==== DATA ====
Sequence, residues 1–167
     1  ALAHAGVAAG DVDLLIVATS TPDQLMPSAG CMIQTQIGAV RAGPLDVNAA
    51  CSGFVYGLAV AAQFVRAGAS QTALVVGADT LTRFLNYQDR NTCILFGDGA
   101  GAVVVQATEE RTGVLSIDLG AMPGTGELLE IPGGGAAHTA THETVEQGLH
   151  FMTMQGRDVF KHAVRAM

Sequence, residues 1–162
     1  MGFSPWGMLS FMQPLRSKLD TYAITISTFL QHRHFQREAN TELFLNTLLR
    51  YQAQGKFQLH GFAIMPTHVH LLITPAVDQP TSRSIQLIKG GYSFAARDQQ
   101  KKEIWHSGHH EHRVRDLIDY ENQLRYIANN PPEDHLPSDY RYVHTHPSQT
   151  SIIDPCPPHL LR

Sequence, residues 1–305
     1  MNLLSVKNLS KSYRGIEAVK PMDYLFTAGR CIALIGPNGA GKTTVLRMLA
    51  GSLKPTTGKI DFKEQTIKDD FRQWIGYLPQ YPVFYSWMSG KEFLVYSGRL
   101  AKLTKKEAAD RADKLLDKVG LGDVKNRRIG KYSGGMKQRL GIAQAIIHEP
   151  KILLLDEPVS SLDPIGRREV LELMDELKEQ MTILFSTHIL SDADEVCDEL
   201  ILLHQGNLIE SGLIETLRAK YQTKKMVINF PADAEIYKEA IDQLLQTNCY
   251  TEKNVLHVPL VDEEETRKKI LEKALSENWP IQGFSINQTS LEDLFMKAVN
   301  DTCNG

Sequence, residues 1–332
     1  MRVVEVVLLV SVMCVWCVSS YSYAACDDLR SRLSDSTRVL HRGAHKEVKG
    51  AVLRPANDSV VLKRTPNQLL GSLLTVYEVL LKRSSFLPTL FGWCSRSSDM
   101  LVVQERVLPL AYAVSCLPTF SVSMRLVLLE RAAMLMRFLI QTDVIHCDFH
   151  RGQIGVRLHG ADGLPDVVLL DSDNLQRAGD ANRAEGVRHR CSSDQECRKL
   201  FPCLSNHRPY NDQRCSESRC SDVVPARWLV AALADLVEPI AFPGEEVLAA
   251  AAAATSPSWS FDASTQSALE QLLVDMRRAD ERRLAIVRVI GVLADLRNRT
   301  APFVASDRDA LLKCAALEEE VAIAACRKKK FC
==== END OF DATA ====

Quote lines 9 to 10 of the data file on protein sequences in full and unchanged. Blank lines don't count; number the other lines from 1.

   101  KKEIWHSGHH EHRVRDLIDY ENQLRYIANN PPEDHLPSDY RYVHTHPSQT
   151  SIIDPCPPHL LR